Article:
• I stopped fighting my body, even if this meant letting go of longstanding habits that were interwoven with my identity (e.g. the heat seeking tea addict) and of social expectations (goodbye vino and hair dye!), or embracing the eccentricity of writing or playing the violin in fingerless mittens (like some character from Austen or Dickens who has fallen on hard times). Turning 40 may have given me the confidence to care (even) less about norms and conventions than before but deciding to direct my time, finite energy and physical strength to those things that are truly meaningful to me is intrinsically tied up with my interest in sustainability.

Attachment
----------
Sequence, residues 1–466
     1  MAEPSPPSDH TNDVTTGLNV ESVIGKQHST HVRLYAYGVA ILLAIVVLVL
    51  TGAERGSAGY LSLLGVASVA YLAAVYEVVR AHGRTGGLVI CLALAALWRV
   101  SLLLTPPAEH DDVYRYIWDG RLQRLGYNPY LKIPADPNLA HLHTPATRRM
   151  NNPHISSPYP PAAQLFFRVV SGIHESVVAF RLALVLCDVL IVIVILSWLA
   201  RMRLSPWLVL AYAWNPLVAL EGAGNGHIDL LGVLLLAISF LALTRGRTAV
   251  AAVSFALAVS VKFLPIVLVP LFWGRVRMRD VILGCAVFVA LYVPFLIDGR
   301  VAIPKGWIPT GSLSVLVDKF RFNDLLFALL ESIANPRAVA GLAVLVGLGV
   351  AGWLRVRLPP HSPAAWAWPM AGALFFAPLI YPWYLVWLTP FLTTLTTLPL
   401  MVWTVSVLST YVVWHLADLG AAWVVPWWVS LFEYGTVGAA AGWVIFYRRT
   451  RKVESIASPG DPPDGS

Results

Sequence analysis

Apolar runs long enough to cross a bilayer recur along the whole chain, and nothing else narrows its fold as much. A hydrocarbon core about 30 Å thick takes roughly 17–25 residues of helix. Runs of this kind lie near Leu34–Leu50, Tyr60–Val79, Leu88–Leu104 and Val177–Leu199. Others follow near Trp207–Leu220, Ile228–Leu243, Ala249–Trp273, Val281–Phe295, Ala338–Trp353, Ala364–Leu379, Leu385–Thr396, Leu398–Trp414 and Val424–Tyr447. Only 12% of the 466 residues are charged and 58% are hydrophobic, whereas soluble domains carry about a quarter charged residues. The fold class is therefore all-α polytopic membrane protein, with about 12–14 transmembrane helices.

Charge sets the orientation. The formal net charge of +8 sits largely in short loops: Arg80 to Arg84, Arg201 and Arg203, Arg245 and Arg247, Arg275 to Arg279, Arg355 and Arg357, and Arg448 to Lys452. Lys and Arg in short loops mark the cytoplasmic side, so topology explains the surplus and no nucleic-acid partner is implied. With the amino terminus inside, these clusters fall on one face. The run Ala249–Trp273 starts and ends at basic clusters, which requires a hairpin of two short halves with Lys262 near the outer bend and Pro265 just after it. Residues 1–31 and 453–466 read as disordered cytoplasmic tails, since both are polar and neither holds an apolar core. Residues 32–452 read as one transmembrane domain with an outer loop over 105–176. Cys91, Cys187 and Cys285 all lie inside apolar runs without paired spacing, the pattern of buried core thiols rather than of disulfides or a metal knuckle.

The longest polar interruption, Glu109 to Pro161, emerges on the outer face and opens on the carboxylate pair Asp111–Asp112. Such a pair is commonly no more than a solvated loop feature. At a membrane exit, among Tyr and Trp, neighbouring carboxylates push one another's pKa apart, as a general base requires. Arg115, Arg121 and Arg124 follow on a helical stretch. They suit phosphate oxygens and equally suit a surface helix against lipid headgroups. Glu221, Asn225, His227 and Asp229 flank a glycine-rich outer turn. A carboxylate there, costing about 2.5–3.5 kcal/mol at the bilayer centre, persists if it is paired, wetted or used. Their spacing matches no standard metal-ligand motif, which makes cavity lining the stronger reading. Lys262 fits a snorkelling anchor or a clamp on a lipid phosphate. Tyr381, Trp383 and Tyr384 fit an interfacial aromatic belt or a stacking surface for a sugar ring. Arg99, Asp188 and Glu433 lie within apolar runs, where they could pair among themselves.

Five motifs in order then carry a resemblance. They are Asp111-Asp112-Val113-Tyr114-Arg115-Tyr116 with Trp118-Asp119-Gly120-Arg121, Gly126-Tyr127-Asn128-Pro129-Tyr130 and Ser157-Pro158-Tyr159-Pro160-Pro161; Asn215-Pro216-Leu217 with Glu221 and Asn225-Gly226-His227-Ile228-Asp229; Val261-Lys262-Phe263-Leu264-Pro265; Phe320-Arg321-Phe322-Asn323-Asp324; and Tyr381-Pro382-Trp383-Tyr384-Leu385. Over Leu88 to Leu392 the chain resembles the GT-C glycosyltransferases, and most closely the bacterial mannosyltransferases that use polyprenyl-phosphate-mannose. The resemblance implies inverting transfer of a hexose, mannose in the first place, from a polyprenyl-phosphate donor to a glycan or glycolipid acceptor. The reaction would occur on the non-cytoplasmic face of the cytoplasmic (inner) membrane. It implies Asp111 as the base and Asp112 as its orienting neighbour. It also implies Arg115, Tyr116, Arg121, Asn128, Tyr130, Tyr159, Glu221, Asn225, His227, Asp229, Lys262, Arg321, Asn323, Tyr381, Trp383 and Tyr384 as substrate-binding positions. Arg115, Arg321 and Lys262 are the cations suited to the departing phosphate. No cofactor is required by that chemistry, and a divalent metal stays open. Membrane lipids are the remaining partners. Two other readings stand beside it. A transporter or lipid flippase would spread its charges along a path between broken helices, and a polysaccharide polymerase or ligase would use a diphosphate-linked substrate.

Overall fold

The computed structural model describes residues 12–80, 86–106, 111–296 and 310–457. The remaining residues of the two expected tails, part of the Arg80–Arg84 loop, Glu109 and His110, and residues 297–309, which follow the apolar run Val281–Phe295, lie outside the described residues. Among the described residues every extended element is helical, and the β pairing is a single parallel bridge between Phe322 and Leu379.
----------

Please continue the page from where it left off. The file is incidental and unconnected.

In a similar vein, 2014 was the year I took creating what I wish existed to a new level, prompting me to ‘pounce’ on chance remarks made by likeminded individuals with the suggestion we turn this ‘thinking aloud’ into reality. Sowing such ideas is much like sowing seeds. Some fall on rocky ground, some drift off with the wind, some fall prey to the weeds of busy lives… Occasionally, though, one falls into fertile soil and with the right gardeners to tend it, the seed takes root, not necessarily into the seedling we expect but into something beautiful with the potential to nourish those who enjoy its fruit. I am currently fertilising and training just such a seedling together with Wendy (of Roof Top Veg Plot), a fellow writer, gardener and thinker, so keep your eyes out for an exciting new venture in 2015, one based around words, ideas and nurturing!


Panic Saturday? Hardly…

December 23, 2014 § 2 Comments